“I am being drafted to serve my country,” says Wyclef Jean on Thursday, August 5, 2010, when he publically announced his bid for the Haitian presidency. The aftermath of the devastating 2010 earthquake that claimed the lives of over 220,000 and injured 300,000 is the motivating incident for his political ambitions. However, the international pop star and Haiti’s own ambassador-at-large presidential bid is met with some complication. First, will the board of elections approve him? Secondly, does he have the Haitian support to win? Third, is he the best candidate to rebuild the country?
The first problem that is highly likely to impede on Jean’s recent political aspirations includes time actually lived in Haiti and age. The Haitian Constitution states that the any presidential candidate must live in Haiti 5 years leading to the election. The other issue is the discrepancy with his age. Prior to running for office, Jean was known to be 37 years old, but according to his application, he is 40, the minimum requirement for presidential candidates. The board of elections will review all candidates by August 17th.
Secondly, does Jean have the support from Haiti to win? Fellow Fugee, Pras, does not agree, therefore, he supports opponent Michel Martelly. Another opponent is Haiti’s Ambassador to the US and Wyclef’s uncle, Raymond Joseph. Jean’s iconic status can work for or against him. In all actuality, pinning classic socially conscious songs for The Score, Miseducation of Lauryn Hill, and various other albums is not enough to warrant acquiring the chief executive’s office, especially a country in dire need of extreme instant and long term plans.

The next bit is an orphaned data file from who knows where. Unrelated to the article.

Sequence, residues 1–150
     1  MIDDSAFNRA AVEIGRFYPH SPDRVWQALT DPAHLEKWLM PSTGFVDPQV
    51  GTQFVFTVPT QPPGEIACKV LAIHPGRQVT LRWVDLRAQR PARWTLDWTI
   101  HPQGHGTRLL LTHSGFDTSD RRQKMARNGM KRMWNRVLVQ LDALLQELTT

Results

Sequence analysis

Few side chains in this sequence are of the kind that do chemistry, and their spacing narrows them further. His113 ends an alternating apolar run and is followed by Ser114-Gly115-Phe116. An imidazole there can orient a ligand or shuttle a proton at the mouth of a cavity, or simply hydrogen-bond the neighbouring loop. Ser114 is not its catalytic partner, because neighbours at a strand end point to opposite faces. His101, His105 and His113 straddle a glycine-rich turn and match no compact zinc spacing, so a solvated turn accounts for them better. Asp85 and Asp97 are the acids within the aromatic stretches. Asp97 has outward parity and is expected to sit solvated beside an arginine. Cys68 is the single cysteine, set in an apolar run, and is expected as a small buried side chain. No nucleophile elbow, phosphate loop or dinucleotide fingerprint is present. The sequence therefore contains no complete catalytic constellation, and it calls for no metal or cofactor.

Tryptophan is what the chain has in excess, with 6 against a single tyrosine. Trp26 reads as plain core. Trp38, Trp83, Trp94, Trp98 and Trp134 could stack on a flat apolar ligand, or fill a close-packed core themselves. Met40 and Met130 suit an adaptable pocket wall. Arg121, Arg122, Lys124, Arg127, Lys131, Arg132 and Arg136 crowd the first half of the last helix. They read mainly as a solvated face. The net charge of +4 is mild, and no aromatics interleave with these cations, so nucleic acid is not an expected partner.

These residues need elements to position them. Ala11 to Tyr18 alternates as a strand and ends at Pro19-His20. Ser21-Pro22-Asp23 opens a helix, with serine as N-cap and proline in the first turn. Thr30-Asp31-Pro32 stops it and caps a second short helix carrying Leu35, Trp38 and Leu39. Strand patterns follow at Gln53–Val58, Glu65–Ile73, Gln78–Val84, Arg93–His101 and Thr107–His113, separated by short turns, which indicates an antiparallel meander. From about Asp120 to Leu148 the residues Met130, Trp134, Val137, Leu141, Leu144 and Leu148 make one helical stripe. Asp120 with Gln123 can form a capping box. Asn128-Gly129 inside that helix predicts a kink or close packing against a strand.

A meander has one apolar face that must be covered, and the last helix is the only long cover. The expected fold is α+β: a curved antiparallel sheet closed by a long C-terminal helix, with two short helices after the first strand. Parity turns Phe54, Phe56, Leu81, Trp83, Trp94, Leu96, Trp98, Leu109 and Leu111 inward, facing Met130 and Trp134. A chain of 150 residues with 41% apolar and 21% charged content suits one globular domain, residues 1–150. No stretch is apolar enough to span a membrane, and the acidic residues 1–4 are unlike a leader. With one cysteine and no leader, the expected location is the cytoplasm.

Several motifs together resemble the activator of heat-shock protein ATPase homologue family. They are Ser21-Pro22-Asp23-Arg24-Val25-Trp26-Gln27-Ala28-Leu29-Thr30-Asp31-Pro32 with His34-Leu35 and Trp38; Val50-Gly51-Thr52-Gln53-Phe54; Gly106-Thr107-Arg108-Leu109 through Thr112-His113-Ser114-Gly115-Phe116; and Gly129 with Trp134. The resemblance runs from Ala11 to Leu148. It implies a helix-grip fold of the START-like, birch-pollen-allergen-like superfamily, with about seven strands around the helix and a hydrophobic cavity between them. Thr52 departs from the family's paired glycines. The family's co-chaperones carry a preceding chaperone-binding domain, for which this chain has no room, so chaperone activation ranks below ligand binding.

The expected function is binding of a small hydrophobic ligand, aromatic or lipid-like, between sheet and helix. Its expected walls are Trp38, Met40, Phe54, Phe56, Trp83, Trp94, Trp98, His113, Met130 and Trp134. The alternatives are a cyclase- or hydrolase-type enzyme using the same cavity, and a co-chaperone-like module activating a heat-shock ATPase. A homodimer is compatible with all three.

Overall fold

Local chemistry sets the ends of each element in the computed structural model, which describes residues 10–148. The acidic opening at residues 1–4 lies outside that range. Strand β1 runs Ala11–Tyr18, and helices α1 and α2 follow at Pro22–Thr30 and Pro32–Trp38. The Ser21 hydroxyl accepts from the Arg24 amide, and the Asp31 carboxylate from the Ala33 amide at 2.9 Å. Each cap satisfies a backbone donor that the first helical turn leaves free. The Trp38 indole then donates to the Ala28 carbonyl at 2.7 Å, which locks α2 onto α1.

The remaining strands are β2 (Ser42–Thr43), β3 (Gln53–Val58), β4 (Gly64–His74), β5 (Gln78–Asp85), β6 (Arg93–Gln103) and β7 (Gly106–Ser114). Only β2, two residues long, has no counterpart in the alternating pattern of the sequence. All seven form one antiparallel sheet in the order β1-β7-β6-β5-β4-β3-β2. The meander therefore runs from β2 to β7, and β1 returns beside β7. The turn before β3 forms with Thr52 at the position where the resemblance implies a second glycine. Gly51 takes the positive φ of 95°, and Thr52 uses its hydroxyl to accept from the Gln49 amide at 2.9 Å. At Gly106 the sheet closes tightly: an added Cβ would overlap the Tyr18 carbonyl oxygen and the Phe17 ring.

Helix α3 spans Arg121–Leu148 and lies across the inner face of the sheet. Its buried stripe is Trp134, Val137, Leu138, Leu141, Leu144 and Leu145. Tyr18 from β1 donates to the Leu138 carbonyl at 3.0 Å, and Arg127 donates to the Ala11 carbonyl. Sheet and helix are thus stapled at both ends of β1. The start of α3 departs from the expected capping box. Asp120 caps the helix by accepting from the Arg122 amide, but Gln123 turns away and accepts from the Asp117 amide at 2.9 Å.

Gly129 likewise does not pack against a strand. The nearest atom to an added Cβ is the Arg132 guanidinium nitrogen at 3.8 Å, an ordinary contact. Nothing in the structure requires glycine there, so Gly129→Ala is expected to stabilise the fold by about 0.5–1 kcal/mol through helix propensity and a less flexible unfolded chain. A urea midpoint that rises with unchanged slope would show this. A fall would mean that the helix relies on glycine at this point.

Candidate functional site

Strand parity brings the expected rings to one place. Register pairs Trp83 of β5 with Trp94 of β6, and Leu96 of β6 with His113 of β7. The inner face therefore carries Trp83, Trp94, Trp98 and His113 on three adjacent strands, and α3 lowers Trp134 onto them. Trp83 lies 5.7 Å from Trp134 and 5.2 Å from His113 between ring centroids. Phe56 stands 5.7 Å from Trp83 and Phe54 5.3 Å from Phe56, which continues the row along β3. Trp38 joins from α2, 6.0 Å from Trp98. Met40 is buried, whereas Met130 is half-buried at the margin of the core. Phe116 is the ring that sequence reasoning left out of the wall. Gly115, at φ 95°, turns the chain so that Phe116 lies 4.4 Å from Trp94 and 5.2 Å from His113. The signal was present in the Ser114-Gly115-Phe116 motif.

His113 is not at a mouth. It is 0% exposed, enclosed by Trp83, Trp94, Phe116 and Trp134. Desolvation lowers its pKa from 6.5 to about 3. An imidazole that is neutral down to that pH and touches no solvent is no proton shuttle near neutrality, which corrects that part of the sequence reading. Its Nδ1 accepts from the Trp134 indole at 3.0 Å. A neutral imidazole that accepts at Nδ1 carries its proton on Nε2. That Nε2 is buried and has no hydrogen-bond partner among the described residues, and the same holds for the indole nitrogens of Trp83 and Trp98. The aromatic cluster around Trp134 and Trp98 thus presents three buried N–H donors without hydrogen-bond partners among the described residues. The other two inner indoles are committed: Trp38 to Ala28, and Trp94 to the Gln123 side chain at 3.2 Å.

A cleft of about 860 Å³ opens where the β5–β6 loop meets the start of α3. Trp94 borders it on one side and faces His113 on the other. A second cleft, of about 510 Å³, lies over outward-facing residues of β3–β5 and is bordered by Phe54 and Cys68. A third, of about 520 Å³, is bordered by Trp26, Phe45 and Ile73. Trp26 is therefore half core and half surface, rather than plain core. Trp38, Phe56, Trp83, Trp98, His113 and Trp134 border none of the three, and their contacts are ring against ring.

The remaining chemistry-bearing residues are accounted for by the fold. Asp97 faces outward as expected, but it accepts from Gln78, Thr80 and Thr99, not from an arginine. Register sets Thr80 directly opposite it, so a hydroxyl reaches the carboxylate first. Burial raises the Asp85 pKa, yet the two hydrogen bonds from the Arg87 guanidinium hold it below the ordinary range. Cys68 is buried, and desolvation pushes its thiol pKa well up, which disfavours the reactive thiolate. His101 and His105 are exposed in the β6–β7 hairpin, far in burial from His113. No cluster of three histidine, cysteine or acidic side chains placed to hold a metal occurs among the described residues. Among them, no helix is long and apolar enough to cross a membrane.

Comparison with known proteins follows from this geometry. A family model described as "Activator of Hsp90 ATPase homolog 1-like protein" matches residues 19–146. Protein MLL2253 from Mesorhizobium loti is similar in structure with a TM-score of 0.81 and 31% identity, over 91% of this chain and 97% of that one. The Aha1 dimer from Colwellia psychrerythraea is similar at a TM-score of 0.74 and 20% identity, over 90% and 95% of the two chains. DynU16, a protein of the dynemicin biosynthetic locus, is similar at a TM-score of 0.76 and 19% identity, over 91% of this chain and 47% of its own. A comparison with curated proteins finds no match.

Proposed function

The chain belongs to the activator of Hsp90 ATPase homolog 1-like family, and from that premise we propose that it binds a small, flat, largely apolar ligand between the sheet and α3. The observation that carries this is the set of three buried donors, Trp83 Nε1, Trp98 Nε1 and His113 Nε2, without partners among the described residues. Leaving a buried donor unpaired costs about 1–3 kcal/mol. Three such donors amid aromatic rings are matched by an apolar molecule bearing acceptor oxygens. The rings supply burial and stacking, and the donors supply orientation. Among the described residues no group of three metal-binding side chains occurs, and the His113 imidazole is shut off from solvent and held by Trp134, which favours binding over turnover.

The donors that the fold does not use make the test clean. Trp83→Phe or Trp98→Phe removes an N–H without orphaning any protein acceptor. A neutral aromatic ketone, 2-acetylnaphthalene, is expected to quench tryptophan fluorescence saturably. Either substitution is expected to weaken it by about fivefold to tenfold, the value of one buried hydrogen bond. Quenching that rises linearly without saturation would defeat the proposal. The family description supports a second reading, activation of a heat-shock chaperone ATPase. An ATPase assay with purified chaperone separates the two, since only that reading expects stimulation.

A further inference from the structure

Talk of a lack of experience is at the forefront of the debate. However, supporters question the accomplishments, or lack thereof, of those experienced politicians in office. Could support of a presidential campaign by Jean galvanize the youth to actively participate in the political process? If so, that one thing could do far more for a people than most legislation. But, is this symbolism enough meet Haiti’s immediate needs?
The International Federation of Red Cross and Red Crescent Societies estimates that as many as 3 million people had been affected by the quake and over 1 million left homeless. As of July, 98% of the debris remain, thousands of bodies remain in rubble, population of those in tent cities reach 1.6 million. These tent cities have no electricity, running water, nor sewage disposal. Twenty-three of the major charities collected $1.1 billion and released 2% of those funds. Wyclef’s Yele Foundation has reported collecting $9 million and issuing $1.5 million.
So what does Haiti need and which candidate can deliver? President Préval stated that the highest priorities in Haiti’s recovery were establishing a working government, clearing roads, and ensuring the streets were cleared of bodies to improve sanitary conditions. In the long run, Haiti will have to end government corruption, overhaul the education system, health care, create jobs, attract foreign aid, increase favorable trading, public works, and the list goes on. How will Jean and Martelly address these issues will be the focus for the next months to come.
What are your thoughts of Wyclef’s presidential bid for Haiti? What should be the focus of Haiti’s recovery?